When did your equestrian passion begin? When I was 12 years old I saved money to buy, train and show my first pony. During my teen years I was fortunate to be able to ride and train horses for other farms. By age 20, as a graduate from Morven Park International Equestrian Institute with an Instructor’s Degree, my “toolbox”of training expanded exponentially. However, as any rider knows- the learning never stops- our equine partners teach us every day as there is so much to learn. I am continually humbled, challenged and delighted as each interaction with horses reminds my of the lifetime journey of learning.
What came next? I studied under the Director of Morven Park, the late Major John Lynch – a rider in the Olympics and World Equestrian Games, and a genius in the reins – and trained and competed under top national and international trainers. The range of this experience included eventing, managing private hunters, jumpers and fox hunting farms in Virginia, Maryland and Colorado, and training young horses.
What does your equestrian training have in common with other things you like to do? I’m a lifelong athlete, and apply my degree in Exercise Physiology and incorporate other sport skills such as windsurfing and sailing, dance, yoga, surfing etc. to everything I do. Harmonious, balanced movement is at the heart of my process.
How have your experiences shaped your teaching? Many of the tools I’ve gathered from my experiences as an educator I use to this day to facilitate learning and training. My athletic commitment gives me a particular POV that informs how I train and educate as well. Both facets make a great fit to share with my students.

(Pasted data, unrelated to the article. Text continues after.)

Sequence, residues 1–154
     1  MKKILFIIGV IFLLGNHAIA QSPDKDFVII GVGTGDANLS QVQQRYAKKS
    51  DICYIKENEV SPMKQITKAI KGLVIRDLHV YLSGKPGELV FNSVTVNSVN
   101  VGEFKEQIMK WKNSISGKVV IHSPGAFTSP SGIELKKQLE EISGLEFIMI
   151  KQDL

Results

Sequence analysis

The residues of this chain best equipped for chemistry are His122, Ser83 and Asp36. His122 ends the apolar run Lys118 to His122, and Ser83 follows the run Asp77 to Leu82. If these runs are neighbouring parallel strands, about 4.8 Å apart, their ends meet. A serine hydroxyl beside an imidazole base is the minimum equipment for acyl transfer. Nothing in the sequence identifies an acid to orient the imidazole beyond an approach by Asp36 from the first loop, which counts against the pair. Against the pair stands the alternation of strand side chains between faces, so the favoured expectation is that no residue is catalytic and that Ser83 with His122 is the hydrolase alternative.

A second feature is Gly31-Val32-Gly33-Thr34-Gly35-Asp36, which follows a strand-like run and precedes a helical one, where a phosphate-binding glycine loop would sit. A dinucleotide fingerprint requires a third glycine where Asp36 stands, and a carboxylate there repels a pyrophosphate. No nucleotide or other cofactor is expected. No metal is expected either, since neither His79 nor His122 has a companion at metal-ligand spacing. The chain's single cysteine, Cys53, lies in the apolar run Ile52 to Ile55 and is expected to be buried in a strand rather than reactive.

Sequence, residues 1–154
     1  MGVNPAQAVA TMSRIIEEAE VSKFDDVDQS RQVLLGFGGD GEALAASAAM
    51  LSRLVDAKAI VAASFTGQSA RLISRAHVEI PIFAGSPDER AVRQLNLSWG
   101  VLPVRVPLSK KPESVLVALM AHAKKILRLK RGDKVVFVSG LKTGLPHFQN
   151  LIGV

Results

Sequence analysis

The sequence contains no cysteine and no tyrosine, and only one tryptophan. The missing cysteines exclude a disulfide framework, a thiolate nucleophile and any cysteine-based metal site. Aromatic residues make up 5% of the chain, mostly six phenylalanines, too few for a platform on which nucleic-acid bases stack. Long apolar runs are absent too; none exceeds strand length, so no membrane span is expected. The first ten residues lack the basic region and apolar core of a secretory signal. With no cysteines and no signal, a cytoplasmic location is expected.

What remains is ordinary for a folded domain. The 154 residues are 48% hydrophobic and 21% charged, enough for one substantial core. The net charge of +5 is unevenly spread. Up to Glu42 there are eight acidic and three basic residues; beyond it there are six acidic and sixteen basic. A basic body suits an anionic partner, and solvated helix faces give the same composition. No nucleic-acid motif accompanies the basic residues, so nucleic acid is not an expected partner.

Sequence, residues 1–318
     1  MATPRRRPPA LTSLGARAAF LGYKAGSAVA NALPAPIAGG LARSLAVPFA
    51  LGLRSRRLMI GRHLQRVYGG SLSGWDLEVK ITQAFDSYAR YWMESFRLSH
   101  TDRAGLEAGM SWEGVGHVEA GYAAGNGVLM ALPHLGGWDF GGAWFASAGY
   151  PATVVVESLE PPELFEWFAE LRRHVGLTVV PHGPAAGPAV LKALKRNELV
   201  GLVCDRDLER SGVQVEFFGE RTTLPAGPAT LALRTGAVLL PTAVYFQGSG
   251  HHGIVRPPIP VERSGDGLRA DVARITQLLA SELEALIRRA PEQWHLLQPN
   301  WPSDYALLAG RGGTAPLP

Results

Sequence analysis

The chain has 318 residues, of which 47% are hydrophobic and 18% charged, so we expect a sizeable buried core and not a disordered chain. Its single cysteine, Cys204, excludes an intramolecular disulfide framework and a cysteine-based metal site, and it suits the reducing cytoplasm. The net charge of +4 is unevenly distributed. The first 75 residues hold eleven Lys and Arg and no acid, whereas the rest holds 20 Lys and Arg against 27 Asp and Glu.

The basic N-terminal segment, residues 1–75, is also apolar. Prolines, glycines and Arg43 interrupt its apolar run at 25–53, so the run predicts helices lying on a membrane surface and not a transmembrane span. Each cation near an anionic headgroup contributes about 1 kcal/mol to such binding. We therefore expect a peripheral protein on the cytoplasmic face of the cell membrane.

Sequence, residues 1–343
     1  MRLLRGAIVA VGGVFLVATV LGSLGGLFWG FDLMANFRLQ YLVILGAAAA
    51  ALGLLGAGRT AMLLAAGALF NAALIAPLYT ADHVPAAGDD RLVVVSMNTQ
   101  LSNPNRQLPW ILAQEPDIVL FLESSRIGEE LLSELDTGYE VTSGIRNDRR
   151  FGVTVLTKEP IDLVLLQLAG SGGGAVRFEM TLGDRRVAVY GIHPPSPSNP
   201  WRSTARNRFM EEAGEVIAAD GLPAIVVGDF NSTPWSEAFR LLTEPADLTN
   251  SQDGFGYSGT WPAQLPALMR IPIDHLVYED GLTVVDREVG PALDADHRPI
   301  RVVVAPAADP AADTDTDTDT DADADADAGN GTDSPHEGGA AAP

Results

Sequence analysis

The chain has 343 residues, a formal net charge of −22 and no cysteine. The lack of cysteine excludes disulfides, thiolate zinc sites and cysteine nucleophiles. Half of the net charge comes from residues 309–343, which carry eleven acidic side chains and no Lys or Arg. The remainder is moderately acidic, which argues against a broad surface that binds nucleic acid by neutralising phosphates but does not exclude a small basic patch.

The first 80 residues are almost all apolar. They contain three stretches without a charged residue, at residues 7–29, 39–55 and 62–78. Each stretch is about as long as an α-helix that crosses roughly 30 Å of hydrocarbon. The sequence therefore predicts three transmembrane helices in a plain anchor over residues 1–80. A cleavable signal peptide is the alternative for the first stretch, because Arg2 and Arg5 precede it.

Describe the key component of the training you offer your students. It’s an emphasis on position biomechanics and relaxation – allowing for true ‘feel’. This is crucial in two respects: for following the horse’s movement and for the rider to better communicate and influence their horse in learning these techniques. (and ok, humor is a major component to keep the joy present!)
Does this influence other riding disciplines? It’s a fundamental technique to help a rider excel across the spectrum of horsemanship; from groundwork, to jumping/eventing and my personal passion, Dressage. Dressage is the basis of all disciplines.
Any last words? Since the circle is such an integral part of training I apply it to myself. I believe riding, careers, relationships and life come ‘Full Circle’.